It must help somewhere…

For what its worth, both ACR and CDC have advised against the use of CT as a first-line tool for the diagnosis / screening of COVID-19. But does that mean CT has no role to play? Of course not! CT is an essential tool in the armory of pulmonologists and intensivists and serial CT scans will obviously be done for patients with any kind of severe pneumonia – so it would be silly to assume that CT no role to play in the clinical course of a COVID-19 patient. And this is precisely where AI can help.

While diagnosing COVID-19 on CT might be hard (as yet) for AI, it would be interesting to see how the dynamics change when going through an epidemic of COVID-19 – is every viral pneumonia suspected to be COVID-19? Does the incidence of other viral pneumonias reduce? These are not easy questions to answer. That said, picking up signs of viral pneumonia, or even pneumonia in general, and quantifying them over serial CT scans of the same patient, would be truly value additive, especially in resource-constrained locations or situations. Another potential use case, which is again something that humans may not be able to do, is predict prognosis and/or clinical course of certain patients based on serial CT scans – this would be able to not only guide treatment but also help triage cases in a situation where healthcare systems are over-burdened.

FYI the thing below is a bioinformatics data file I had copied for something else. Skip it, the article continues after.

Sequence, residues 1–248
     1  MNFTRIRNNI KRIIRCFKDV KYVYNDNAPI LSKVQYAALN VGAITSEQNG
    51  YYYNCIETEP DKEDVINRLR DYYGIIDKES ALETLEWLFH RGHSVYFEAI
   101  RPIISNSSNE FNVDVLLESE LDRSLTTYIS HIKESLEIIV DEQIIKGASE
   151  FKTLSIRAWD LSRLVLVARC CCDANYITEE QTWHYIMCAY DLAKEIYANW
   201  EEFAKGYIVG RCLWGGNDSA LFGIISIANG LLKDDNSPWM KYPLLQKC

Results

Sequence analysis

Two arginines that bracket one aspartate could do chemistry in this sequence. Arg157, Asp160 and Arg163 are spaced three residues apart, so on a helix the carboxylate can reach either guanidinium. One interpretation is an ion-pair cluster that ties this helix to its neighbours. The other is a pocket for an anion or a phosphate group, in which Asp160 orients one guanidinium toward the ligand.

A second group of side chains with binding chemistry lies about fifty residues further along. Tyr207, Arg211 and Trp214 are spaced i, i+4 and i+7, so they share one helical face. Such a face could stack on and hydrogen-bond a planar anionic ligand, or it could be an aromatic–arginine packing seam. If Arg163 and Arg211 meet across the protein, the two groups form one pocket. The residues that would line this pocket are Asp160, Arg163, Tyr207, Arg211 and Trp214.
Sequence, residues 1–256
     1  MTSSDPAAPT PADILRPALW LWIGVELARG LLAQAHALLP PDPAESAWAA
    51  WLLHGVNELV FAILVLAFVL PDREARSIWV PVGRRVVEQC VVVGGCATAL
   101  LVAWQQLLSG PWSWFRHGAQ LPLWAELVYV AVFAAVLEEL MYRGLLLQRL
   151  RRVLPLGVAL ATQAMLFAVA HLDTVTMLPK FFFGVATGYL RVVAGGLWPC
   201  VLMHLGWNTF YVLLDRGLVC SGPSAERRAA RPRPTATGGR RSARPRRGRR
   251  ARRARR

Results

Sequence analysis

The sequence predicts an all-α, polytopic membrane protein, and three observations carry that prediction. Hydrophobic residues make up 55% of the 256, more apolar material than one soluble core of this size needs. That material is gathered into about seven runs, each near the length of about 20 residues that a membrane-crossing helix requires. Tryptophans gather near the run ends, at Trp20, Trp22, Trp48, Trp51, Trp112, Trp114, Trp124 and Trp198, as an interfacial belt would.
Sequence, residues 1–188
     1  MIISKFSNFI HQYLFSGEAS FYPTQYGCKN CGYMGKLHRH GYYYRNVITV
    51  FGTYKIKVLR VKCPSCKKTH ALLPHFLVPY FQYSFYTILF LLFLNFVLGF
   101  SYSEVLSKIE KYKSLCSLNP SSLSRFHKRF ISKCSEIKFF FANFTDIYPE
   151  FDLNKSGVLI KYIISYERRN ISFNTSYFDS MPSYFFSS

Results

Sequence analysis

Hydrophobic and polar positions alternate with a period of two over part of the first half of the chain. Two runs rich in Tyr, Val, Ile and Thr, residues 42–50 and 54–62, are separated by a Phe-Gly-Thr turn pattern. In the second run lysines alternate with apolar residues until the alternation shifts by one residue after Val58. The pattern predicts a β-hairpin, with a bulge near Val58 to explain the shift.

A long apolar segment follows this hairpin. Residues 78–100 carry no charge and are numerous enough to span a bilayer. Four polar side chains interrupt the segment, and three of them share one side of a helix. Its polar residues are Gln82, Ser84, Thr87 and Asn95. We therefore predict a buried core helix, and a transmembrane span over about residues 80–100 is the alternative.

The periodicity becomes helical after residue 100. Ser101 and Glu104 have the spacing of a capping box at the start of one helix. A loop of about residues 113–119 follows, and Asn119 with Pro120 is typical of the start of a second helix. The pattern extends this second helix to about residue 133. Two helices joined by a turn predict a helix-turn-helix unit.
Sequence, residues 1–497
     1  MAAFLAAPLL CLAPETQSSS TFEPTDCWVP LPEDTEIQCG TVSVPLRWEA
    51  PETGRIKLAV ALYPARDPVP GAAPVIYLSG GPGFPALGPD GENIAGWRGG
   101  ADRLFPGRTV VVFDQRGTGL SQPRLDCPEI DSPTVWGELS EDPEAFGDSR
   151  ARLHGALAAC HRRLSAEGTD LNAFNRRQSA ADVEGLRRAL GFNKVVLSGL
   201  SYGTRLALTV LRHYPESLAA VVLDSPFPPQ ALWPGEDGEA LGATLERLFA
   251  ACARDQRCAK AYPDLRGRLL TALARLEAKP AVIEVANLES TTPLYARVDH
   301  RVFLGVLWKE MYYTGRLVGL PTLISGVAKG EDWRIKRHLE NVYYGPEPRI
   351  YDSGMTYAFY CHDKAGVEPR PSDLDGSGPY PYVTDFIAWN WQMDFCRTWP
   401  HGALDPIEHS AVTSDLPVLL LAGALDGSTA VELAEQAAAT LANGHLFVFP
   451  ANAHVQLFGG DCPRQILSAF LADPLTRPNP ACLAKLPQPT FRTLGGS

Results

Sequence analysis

In summary

The role of CT in COVID-19 is constantly evolving – when RTPCR kits were not available, it was part of the initial workup / screening of patients with suspected COVID-19, but now with the increased availability of RTPCR kits, CT’s role is moving to estimation of disease severity and progression. AI tools built to diagnose COVID-19 infection need to be evaluated robustly since current radiological knowledge does not have specific features that can help identify COVID-19 infection on CT. That said, AI tools have a vital role to play in quantifying disease progression and possibly predicting disease outcomes.

Vasanth Venugopal, MD is a radiologist who leads imaging research at CARING with expertise in developing novel validation and deployment methodologies for Artificial Intelligence algorithms for medical imaging.

Vidur Mahajan, MBBS, MBA is a physician-MBA who leads research & development for CARING who is passionate about bringing advanced technologies in imaging and genomics into the clinical workflow through a single unifying technology interface.